We were about 90 minutes from home on Friday when my wife finally noticed.
“You never stopped for gas. At least I don’t remember you stopping for gas. Did you?” she asked, about 500 miles into a 618-mile round trip to Chicago last week for a family vacation.
I hadn’t, by the way. I had topped off the 24.6-gallon tank of the 2016 Jeep Grand Cherokee EcoDiesel the night before we left. And on the return trip home four days later, I was watching the remaining range indicator like a hawk and doing math in my head to make sure I was going to get home while still on the original tank of diesel fuel.
It was going to be close, but it wasn’t the Jeep’s fault.
On the way to Chicago, there had been an overly lengthy delay at idle waiting for my wife to emerge from an errand -- I know; I should have shut down the engine and opened the windows, but it was sweltering, and the teenagers in the back seat were demanding air conditioning.
When we did get on the road toward the Windy City, our progress -- and greater fuel economy -- was again impeded by a series of massive traffic jams on the Indiana Toll Road east of South Bend.
Few things are more wasteful and infuriating than crawling for miles in bumper-to-bumper, stop-and-go traffic, and traveling anywhere around Chicago at almost any time of day means doing exactly that. That happened, too -- repeatedly, over the course of our visit, and again on the way home.
Thanks to some really reprehensible actions on the part of Volkswagen, diesel’s reputation has taken a direct hit to the kisser over the last year. It also hasn’t helped diesel’s case that fuel prices have remained low, extending the return on investment for the steep diesel engine upcharge from automakers that have such vehicles on offer.
Yet, despite these setbacks, modern diesel engines such as Fiat Chrysler’s 3.0-liter EcoDiesel V-6 still deserve a seat at the main table of automakers’ fuel economy strategies. And the experience with the Jeep Grand Cherokee EcoDiesel last week proves that again.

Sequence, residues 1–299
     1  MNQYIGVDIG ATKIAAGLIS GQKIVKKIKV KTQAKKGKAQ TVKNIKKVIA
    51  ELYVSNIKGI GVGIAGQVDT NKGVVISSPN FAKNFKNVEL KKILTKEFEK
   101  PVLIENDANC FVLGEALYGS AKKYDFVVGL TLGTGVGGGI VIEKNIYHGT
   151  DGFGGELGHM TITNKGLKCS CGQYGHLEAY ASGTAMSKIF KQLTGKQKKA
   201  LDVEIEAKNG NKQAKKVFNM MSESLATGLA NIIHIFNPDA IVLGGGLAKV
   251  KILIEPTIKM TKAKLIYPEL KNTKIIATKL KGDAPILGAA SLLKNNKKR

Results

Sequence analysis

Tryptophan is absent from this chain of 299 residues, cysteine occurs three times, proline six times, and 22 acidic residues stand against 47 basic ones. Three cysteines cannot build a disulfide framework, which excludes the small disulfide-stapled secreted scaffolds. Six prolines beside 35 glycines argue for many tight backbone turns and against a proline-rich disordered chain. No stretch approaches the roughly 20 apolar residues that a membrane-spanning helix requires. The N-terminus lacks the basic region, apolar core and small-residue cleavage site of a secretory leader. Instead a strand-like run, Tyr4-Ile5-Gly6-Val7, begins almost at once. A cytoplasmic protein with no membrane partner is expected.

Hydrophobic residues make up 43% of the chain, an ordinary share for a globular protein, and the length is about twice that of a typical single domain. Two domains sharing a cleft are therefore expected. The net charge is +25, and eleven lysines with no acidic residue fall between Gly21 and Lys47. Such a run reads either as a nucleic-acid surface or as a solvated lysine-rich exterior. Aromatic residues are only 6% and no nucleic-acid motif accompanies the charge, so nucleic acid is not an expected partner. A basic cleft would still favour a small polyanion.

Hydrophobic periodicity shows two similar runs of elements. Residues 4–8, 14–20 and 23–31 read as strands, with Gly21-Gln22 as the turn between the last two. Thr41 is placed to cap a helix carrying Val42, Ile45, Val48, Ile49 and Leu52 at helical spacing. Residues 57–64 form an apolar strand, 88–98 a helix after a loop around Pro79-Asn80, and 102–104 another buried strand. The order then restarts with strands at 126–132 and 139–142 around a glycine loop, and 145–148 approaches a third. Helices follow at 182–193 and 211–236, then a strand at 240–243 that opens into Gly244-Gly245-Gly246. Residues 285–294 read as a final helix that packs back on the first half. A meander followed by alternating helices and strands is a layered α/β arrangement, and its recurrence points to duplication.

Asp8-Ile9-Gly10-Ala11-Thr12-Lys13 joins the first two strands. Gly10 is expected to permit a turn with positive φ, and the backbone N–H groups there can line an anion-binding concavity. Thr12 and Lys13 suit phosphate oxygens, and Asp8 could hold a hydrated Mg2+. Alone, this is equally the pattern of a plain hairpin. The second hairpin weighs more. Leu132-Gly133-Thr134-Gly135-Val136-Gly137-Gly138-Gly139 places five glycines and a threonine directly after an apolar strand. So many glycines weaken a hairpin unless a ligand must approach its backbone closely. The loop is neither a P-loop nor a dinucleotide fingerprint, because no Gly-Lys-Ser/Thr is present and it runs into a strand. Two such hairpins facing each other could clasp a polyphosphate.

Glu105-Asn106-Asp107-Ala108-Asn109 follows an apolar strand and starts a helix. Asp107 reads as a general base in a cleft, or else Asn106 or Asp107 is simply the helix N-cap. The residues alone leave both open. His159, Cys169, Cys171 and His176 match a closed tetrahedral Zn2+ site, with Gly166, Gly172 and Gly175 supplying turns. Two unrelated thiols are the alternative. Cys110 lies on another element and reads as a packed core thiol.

Despite a robust and rugged full-time 4x4 system, a curb weight (almost 5,400 pounds) that makes me look svelte, a full load of cargo, four passengers and fuel and the aforementioned traffic snarls, the loaded EcoDiesel finished the trip above 25 mpg.
When I arrived home, I still had miles left on the remaining range -- albeit dwindled down to a number in the teens.
Of course, I realize that the fact that I didn’t have to fill up has much to do with the massive 24.6-gallon size of the Grand Cherokee’s fuel tank. It goes without saying that filling that bad boy up at $4 or $5 a gallon would be a lot less palatable than it was at $2.12 a gallon (thanks, Ohio gas prices).
Still, real-world diesel fuel economy reports from consumers generally tend to outperform their fuel economy ratings from the EPA. And the only range anxiety I experienced during that trip was self-inflicted. It was whether I was going to be stubborn enough to try and make it all the way home, or whether I’d defer to the better angels of not getting my wife and kids stuck on the side of the highway while I went walking to the nearest service station.
When this VW imbroglio passes into history, and it will, diesel will need some advocates to champion its effectiveness as a power choice.
And after last week, I think I’ll be one of them.